If you take a $300 credit card and "charge" half of it before the user even gets the card, that means you're collecting interest on money that the user never used.  You're collecting interest on money that hasn't been borrowed.  If ever there was a way to cook the books, this is it. Nevermind the practical issues: You tell someone they have a $300 credit limit but they can't use all of it until they pay back money that they never took in the first place. 

 

Revolving credit means you are letting someone use money and then billing them for its use.  That's not what First Premier does.  That's why it's a problem.

 

Now, the way they mitigate risk is to do the following (assuming mitigating risk is their primary focus):

  • Issue the TRUE credit limit.  SO if you really mean to issue $150 then do that.
  • If you want to charge obscene fees then do so WITHOUT affecting the credit limit given, and require that they be paid within a period of time or the card will be closed.
  • Charge a higher monthly fee.  So charge $20/month.  Then you recoup your fees while still giving the borrower the same limit they got approved for.
  • Offer only secured cards.

 

There are ways around it.  They just want to be predators.

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Message 19 of 58
Senior Contributor

Re: First Premier is suing the feds


@ReVeLaTeD wrote:

 

Those defending First Premier are missing one thing.  In this case First Premier doesn't have a leg to stand on.

 

The CEO's argument, in summary, is this:

 

"We have to charge because it's a risky business".

 

Problem is, there are better ways to achieve the same stated objective.  But you can't have your cake AND eat it.  This is the boilerplate definition of predatory.

 

If you take a $300 credit card and "charge" half of it before the user even gets the card, that means you're collecting interest on money that the user never used.  You're collecting interest on money that hasn't been borrowed.  If ever there was a way to cook the books, this is it. Nevermind the practical issues: You tell someone they have a $300 credit limit but they can't use all of it until they pay back money that they never took in the first place. 

 

Revolving credit means you are letting someone use money and then billing them for its use.  That's not what First Premier does.  That's why it's a problem.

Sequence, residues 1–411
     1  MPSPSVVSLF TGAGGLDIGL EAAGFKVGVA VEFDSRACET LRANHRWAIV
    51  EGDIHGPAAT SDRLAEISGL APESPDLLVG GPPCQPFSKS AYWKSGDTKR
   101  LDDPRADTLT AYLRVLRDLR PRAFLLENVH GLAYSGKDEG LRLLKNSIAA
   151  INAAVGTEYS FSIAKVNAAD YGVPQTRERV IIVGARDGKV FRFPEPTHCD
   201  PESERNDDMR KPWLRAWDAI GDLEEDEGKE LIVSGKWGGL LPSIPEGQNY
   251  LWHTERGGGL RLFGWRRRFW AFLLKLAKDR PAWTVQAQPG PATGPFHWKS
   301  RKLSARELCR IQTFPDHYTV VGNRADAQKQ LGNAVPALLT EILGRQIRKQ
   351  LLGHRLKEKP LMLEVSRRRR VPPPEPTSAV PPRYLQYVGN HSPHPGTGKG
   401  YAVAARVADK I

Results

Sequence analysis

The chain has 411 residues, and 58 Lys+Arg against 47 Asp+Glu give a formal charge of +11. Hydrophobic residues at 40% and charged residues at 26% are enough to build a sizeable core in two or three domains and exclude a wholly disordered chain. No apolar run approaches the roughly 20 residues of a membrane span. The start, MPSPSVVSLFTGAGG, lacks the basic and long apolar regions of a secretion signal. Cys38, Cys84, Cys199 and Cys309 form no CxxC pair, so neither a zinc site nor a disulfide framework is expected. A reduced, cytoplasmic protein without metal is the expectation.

Now, the way they mitigate risk is to do the following (assuming mitigating risk is their primary focus):

  • Issue the TRUE credit limit.  SO if you really mean to issue $150 then do that.
  • If you want to charge obscene fees then do so WITHOUT affecting the credit limit given, and require that they be paid within a period of time or the card will be closed.
  • Charge a higher monthly fee.  So charge $20/month.  Then you recoup your fees while still giving the borrower the same limit they got approved for.
  • Offer only secured cards.

 

There are ways around it.  They just want to be predators.



I cannot think of any card issuer with an annual fee card that does not charge the AF to your card and, if you do not pay it off in full before the subsequent payment due date, charge interest on it.

 

  • Issue the TRUE credit limit.  SO if you really mean to issue $150 then do that.

So that means instead of taking a bath on a card with a $300 limit & $150 available for use you take one on a card with a $150 limit and $150 available for use.  Math problem here.  Same loss.

 

  • If you want to charge obscene fees then do so WITHOUT affecting the credit limit given, and require that they be paid within a period of time or the card will be closed.

Name card issuers that do not charge AFs and other fees to the card.  Not doing so means you have an uncollectable debt unless you get a separate, signed promissory note for a personal loan.  So now FP needs two separate grants of credit w/ 2 separate tradelines for each cc?

 

  • Charge a higher monthly fee.  So charge $20/month.  Then you recoup your fees while still giving the borrower the same limit they got approved for.

How does that help if the cardholder defaults after one month?

 

  • Offer only secured cards.

Secured cards are also dangerous in the hands of some -- if not many -- of FP's customers.  It's a myth that secured cards pose no risk for the issuer. 

 

 

IAALBNYL
Message 20 of 58